For any reader who has just become acquainted with American culture and hasn’t been indoctrinated with this particular piece of apple pie, I summarize the plot of The Wizard of Oz. The details are drawn from the children’s book published in 1900 by L. Frank Baum; changes in the 1939 film are discussed below. Dorothy Gale, a young girl living on a poor farm with her Aunt Em and Uncle Henry in rural Kansas, is swept away by a cyclone (properly described as a tornado) with her tiny dog Toto--in her house no less--to the fairy-tale land of Oz, which is presided over by witches--both good and bad, talking animals, flying monkeys, and similar characters. During her arrival, the house lands on, and pulverizes, the Wicked Witch of the East, oppressor of Munchkinland--Munchkins being small, colorful beings. Hailed as their heroine, she receives the magic silver shoes (“ruby slippers” in the film, see below) that were formerly the property of the deceased witch. Wishing to go home, she is counseled by the Good Witch of the North that she should follow the yellow brick road to the Emerald City where she must ask the mysterious Wizard of Oz for help. Along the journey, she meets a living Scarecrow in need of a brain, a Tin Woodman in need of a heart, and a talking Lion in need of courage; they join forces and proceed to the Emerald City. When the Wizard agrees to help them on the condition that they kill the Wicked Witch of the West--even nastier than her deceased east-coast counterpart, they warily comply and, almost getting killed themselves in the process, succeed. The Wizard turns out to be a fraud who placates the Oz characters with odd trinkets but is unable to help Dorothy return home. It turns out that, as Glinda, the Good Witch of the South informs her, the enchanted silver shoes have the power to transport her back to Kansas. The End.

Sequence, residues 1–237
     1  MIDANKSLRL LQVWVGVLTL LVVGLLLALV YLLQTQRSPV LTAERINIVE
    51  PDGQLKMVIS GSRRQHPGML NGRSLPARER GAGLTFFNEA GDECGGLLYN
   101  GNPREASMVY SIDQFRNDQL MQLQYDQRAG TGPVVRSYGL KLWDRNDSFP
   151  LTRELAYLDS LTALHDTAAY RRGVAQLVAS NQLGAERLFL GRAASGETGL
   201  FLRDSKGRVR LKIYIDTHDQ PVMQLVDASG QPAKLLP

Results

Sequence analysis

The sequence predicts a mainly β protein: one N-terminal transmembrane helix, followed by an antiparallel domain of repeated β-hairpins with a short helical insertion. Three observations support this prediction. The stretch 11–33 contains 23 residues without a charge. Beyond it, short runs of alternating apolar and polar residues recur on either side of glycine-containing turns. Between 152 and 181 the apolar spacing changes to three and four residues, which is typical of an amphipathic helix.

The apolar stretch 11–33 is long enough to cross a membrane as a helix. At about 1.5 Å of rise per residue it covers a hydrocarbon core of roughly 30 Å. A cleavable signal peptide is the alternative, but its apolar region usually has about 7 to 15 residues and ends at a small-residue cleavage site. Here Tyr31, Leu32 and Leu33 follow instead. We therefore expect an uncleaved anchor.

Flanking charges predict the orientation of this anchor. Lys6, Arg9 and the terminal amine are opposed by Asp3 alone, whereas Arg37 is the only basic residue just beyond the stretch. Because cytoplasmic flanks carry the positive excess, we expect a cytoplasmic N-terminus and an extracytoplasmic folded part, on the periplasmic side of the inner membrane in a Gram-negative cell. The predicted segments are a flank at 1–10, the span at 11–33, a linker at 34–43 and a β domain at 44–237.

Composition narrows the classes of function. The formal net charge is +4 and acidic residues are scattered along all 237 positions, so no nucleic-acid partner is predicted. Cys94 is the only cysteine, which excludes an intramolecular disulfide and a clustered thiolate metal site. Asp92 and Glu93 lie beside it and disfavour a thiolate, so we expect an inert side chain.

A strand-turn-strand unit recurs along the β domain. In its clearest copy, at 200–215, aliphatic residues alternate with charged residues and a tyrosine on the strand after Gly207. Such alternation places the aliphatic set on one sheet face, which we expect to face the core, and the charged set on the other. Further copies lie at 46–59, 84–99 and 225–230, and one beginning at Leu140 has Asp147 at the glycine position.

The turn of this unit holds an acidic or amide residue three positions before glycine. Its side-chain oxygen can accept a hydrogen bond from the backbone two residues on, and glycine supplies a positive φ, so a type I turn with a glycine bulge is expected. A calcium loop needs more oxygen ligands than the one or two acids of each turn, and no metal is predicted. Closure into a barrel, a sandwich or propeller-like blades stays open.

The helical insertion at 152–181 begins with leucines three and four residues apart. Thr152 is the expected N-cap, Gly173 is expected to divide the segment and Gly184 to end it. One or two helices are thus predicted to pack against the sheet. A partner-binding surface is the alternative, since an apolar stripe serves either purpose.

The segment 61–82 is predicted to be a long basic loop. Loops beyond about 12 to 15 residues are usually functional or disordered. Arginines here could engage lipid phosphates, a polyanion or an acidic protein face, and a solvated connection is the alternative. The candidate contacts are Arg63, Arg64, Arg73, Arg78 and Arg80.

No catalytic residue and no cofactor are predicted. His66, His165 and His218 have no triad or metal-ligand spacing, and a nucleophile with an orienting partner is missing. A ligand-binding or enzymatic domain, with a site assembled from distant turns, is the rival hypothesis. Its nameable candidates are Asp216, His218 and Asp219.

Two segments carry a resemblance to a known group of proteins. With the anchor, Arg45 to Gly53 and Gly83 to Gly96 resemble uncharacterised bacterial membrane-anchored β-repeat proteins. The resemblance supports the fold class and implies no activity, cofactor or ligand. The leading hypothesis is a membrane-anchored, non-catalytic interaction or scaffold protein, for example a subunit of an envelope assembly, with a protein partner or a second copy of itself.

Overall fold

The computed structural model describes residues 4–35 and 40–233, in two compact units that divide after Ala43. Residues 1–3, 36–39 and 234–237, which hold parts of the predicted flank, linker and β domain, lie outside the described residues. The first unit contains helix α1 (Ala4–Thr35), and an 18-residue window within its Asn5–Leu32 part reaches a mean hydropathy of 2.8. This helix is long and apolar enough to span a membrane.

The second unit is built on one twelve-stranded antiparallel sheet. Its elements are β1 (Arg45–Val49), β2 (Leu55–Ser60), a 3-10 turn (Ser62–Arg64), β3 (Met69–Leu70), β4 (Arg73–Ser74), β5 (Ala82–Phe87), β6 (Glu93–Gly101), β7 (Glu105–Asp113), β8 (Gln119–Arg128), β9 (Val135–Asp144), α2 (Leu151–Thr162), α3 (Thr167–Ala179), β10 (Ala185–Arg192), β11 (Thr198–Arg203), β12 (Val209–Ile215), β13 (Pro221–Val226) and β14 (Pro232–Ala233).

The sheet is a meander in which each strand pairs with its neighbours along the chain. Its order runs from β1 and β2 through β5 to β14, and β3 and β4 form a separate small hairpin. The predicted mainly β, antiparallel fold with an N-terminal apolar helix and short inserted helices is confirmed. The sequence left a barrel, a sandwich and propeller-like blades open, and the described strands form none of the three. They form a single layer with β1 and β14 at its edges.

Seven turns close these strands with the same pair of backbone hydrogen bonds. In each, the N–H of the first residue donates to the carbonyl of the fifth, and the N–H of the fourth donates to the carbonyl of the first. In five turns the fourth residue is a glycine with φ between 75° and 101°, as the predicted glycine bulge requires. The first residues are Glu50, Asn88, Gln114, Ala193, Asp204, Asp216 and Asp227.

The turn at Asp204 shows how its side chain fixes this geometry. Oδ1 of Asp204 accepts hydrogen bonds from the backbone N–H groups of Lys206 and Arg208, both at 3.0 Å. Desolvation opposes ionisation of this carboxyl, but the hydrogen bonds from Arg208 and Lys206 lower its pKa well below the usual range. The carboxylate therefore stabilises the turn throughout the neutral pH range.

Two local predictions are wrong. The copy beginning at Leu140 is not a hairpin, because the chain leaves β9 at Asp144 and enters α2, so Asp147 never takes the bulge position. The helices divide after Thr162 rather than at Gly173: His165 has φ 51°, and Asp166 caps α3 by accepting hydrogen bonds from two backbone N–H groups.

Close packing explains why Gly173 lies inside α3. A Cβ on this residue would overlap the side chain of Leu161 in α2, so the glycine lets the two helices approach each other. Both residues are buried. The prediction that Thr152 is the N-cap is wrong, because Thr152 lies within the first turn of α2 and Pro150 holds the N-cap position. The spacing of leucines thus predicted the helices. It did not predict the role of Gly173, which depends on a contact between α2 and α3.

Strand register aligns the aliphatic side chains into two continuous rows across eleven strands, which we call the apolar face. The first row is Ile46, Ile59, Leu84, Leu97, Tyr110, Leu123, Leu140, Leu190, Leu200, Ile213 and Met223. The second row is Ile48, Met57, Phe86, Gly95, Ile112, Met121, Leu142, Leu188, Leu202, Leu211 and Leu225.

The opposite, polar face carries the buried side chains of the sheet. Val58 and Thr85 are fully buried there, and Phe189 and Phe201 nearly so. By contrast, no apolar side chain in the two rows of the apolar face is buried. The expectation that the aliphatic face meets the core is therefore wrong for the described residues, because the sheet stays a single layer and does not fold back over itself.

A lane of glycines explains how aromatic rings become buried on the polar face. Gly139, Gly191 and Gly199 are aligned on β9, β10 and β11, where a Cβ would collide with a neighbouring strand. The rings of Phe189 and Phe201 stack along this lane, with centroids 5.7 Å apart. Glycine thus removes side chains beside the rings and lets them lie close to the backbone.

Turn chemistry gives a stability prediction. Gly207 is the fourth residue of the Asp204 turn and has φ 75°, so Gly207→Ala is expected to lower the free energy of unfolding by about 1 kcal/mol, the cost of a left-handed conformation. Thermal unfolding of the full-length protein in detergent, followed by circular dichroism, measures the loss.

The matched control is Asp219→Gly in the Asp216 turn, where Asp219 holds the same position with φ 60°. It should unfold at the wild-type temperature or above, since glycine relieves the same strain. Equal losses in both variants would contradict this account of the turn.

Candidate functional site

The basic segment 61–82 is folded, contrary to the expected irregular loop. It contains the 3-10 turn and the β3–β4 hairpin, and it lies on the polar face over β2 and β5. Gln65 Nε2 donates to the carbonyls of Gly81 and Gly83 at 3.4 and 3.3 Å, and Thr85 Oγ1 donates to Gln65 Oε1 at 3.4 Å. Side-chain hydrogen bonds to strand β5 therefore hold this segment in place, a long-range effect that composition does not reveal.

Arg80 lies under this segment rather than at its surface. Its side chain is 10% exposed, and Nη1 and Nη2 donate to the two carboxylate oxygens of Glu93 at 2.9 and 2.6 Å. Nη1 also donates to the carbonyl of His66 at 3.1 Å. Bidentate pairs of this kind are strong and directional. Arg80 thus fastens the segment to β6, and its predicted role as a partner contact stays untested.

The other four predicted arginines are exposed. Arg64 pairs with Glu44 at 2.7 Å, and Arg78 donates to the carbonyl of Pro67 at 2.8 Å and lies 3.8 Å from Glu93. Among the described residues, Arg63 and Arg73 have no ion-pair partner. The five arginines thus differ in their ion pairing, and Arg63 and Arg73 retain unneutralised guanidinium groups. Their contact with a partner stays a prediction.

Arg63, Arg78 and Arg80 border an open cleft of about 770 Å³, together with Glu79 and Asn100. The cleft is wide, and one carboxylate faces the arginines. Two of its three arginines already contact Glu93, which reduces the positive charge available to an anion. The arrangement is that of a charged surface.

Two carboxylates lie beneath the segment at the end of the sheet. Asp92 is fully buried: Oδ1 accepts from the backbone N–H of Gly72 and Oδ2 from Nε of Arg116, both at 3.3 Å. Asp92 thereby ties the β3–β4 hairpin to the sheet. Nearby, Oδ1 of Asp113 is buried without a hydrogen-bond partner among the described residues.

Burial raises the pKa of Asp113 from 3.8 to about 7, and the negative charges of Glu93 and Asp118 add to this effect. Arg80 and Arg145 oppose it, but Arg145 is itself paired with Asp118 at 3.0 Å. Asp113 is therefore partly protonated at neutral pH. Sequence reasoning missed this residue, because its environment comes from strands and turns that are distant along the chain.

For a Hollywood enterprise of that era, the film stays remarkably close to the first book in Baum’s series of fifteen (one of them a book of short stories; other writers provided further entries over time), although many details, characters, and subplots are omitted or telescoped, with a few new elements added. The trip to Oz is now Dorothy’s fever-dream after a blow to the head from a window that flies off its hinges during the cyclone. It is part of a framing story that was filmed in black & white and tinted sepia for release--a deliberate contrast with the Technicolor Oz; in the added Kansas framework, most of the Oz characters are given analogous counterparts: Miss Gulch/the Witch, three farmhands/Dorothy’s companions, Professor Marvel/the Wizard. Also added is a revenge subplot in which the Western Witch stalks Dorothy for causing the death of her sister (there’s no evidence that they are actual “sisters” in the book) and for taking the magic footwear--which change from the book’s “silver” to “ruby” because red was more impressive in Technicolor; they are also called “slippers” in the film rather than “shoes,” though they are clearly red-sequined pumps. The Wizard’s payment for helping the needy quartet is softened from “killing” the Wicked Witch of the West to “bringing him her broomstick,” which, as the Tin Woodman observes, amounts to the same thing. The Good Witch of the North is a kindly old lady in the book who appears only at Dorothy’s arrival in Munchkinland; in the film she is conflated with the young and attractive Glinda, Good Witch of the South. The melding of the two good witches presents a real dilemma when it is the same character who reappears near the end and casually tells Dorothy that she “always had the power to return to Kansas,” after she and her cohorts were nearly liquidated by the Western Witch in their attempt to satisfy the terms of the phony Wizard’s bargain; the film’s “Glinda, the Good Witch of the North” adds the weak excuse that Dorothy wouldn’t have believed her earlier. Glinda, therefore, just seems manipulative and irresponsible at that point--in a way, as cruel as the more forthright wicked witches. It sorely taxes one’s suspension of disbelief that Dorothy and her beleaguered friends don’t assault her bodily at that moment. Moreover, the hackneyed “no place like home” cliché that Glinda presents is completely at odds with Dorothy’s real need to escape from an unpleasant existence in search of something better. As author Salman Rushdie pointed out in his monograph on Oz, the desire expressed so plaintively in “Over the Rainbow” is far more compelling and wholly outweighs the desire to return to a thankless and oppressive “home”--a contradictory, stale truism doubtless added in one of the film’s many rewrites (there were fourteen writers who worked on the picture at one time or another, as well as five directors: it was a troubled project). It also negates Baum’s belief that creativity and travel expand mind and spirit: Dorothy returns to Oz throughout his series of books, eventually even bringing Aunt Em and Uncle Henry with her. It was not intended to be a fever-dream.